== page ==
December is the last month of every year. Obviously! But it is more than relevant what it appears to be on the face. It means that we have lived another year. When we realise this, then probably we will make ourselves accountable for the things we did wrongly, and appreciate our bag of positives. For further mistakes, we don’t have any room, and for positives, obviously there is plenty.
Has the PTCL looked at itself in this perspective and tried to ameliorate the ever-worsening situation? Definitely ‘NO’! Instead of improving, this company has gone to dogs, and its condition is deteriorating with every passing day. Who does suffer ultimately? Obviously, it is the masses, who have to pay not only for the highest cost of communication in the Sub-Continent rather they are in constant apprehension about the impending misfortune in case either their telephone connection goes out of order or they have to pay for more than what they have used.
Interestingly, despite all the tall claims of privatising the company and giving different deadlines during the last years, its monopoly still continues. The concerned authorities are familiar with the duration of privatisation–it is going to be sold sooner or later, presently passing through a deadline of six months–try to enjoy the perks and privileges instead of making earnest efforts to make it a success; so that the government can get better rate and the masses get better service. The private companies are apprehensive about launching their ventures considering the communication giant–with the full backing of the government–sitting at their heads. Despite this fact, the company is being privatised, but only 38 percent shares are at stake and the rest will be in the official custody. What sort of this sale is? It will definitely cause more problems instead of eliminating troubles.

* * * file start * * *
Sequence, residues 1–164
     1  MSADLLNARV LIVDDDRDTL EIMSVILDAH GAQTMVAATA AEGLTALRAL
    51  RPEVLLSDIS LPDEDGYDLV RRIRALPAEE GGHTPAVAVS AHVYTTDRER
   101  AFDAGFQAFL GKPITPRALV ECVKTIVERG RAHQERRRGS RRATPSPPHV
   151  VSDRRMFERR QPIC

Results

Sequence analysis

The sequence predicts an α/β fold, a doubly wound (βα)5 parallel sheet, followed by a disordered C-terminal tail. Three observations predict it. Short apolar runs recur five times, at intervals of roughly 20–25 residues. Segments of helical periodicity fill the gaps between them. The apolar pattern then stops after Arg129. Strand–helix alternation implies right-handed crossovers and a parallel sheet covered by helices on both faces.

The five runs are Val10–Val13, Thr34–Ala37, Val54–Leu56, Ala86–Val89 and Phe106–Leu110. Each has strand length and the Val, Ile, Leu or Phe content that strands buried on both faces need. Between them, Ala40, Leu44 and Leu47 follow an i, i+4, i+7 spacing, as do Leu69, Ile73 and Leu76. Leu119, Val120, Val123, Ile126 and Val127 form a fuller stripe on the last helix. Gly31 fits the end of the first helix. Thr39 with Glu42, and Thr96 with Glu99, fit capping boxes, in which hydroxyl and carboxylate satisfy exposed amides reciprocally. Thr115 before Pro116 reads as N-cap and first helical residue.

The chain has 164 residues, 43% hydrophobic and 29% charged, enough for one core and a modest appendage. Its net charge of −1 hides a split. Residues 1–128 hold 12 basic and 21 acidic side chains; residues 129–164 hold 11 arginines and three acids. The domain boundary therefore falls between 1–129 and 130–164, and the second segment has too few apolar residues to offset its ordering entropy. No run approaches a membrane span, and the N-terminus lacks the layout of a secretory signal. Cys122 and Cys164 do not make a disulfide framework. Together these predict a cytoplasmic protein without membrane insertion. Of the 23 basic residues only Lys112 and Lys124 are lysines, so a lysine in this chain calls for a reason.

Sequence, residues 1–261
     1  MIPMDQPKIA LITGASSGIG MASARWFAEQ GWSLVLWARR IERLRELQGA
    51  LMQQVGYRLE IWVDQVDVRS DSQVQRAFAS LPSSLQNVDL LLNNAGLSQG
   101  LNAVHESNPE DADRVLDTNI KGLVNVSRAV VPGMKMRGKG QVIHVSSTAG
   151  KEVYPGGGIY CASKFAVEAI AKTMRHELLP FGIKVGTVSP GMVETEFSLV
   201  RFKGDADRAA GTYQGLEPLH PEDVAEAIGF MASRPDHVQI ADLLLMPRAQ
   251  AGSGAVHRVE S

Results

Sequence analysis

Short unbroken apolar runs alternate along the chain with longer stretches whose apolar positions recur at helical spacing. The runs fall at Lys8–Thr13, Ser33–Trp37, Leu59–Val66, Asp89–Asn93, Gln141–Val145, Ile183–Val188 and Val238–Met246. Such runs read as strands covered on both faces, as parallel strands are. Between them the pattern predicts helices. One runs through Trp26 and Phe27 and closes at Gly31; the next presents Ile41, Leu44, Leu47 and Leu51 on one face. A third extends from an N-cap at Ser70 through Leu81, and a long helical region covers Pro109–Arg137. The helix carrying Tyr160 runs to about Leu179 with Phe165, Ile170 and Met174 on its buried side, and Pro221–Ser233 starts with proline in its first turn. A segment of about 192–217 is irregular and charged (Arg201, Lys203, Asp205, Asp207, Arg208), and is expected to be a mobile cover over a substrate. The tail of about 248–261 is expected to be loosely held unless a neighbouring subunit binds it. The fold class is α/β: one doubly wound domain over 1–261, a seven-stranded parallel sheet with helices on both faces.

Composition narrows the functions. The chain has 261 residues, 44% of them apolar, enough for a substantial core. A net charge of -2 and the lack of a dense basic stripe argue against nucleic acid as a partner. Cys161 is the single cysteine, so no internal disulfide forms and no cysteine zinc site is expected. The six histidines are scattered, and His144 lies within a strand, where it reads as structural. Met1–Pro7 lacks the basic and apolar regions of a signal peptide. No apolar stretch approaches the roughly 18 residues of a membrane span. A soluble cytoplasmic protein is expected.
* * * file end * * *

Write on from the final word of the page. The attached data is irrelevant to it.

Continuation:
In this context, the concerns of the employees are genuine, as the management will be handed over to the buyer. Their fear of losing their jobs is real because of the inherent psyche of the multinationals –‘small number of employees and double the job.’ So far no one from the higher management has given them any assurance about their job security and the impending dilemma.
The PTCL management is angry at this. It believes that the newspapers are biased in their approach and are always exaggerating the negatives of the company. It is true that we do write about its grey areas, but never exaggeratingly. If you can substantiate your claim, you are most welcome. Any punitive measures will not make any difference to us as this is not the end of the world to the Dailies. However, we will continue to portray the downside of all!